To address this issue, Papu.io has developed and introduced a system to automatically predict the delivery time of an order to the customer. Was this necessary? Let us take a look at how this whole process works in detail.
What is the method we use today to determine the arrival of the order?
John is a student who last month began working as a waiter in a small pizzeria. The restaurant is located in a quiet district of Kraków. John has his shift every Friday afternoon, during which he takes orders. He answers the phone, writes down customer preferences and all the necessary details while suggesting pizzas of the day. John is asked about the estimated delivery time very often. He then glances at the slips of paper with the orders remaining to be prepared and has to remember where the drivers have gone and calculate how long it will take them to get back to the restaurant before they can set off with the next order. The waiter gives the time he has calculated in his head and wishes the customer a good day. If John knows how the kitchen works, knows the topography of the city and has a system at his disposal which tells him the location of the drivers and the orders they still have to deliver, then he is able to quote delivery times to customers. Of course, they won’t be exact, calculated to the minute. However, this sounds like a long and complicated analysis. The waiter’s job is to sell, answer questions and take orders. It should not be the waiter’s responsibility to calculate delivery times – especially when you already know just how important punctuality is to customers.
How does Papu’s artificial intelligence determine the estimated delivery time of an order?
Let the computer do this work for you. So how do you go about it? Using your senses. John uses his hearing to know what is going on in the kitchen. He also uses his sight to spot the location of the drivers delivering orders. Based on the data collected, he begins to make conclusions to predict the delivery time. As time goes by, he gets better and better at estimating it.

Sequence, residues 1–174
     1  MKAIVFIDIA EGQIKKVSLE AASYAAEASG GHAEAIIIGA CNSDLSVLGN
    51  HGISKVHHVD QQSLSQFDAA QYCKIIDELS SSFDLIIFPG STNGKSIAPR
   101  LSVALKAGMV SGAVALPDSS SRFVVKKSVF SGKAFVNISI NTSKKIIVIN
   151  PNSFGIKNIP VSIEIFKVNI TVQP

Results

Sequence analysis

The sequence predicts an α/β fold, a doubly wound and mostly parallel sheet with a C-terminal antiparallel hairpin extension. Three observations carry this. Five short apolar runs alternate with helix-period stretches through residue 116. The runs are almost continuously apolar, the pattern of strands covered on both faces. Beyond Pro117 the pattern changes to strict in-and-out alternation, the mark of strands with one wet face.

Artificial intelligence (AI) uses an identical principle. The first stage is data collection. Where does the system source this data? The Papu software you see on the computer screen located in the bar and on the phone used by the driver is only a very small part of it. Papu’s databases accurately record all the necessary data, including the time, day of the week, location and how the customer placed the order. We store the location of drivers and the actual delivery times, which we then use in the process of map integration. As a result, we are able to assign more than 20 unique characteristics, including: the workload of the kitchen staff and of the drivers, the time of day and week, the journey time, driver vehicle type, town and even a specific restaurant for each order. All this data is then used to teach our AI system.
But does artificial intelligence have any drawbacks?
Yes. There are characteristics that we do not take into account. A new driver named Martin had never delivered food; moreover, he had just moved into the city. It is clear that he will be slower in his work. However, it can also go the other way, as a new car works much better than an old one. It is important for you to know that a lot depends on your employees. If your driver logged into the Papu driver app and failed to enter the correct details or has done so inaccurately, then he proceeded to fool the AI Papu system. Incorrect information is translated into conclusions drawn by artificial intelligence.
How to control the work of artificial intelligence
After a diverse mixture of attitudes ranging from “Wow, how cool is this AI” to “maybe it’s no use after all”, there comes a moment for reflection. Is it possible to control the work of AI? Yes, of course. Papu’s artificial intelligence is not left to fend for itself. The Papu team monitors its accuracy on an ongoing basis. This allows further automated algorithms to continually improve its performance. We call this problem “data drift” – the world is changing, and Papu is changing with it. Some elements are developing more slowly, for example, facial recognition will still work in a thousand years. Others develop significantly faster. We have restaurants undergoing a revolution within a space of one month! By automating the process of monitoring and keeping up with changes, we are able to maintain a high degree of accuracy.
You should know this – overview
- Precision in estimating delivery times is a factor more important to customer satisfaction than the food itself.
- Providing the correct delivery time is a difficult task that requires multi-faceted analyses.
- The employee who is responsible for calculating delivery times relies primarily on intuition.
- Papu.io’s artificial intelligence, which uses more than 20 characteristics to describe an order, performs this task more accurately and faster than a human.
- However, it is not immune to deliberately introduced falsifications.
- Papu.io has also taken care to monitor and educate the AI so that it keeps up with changes that restaurants undergo on a regular basis.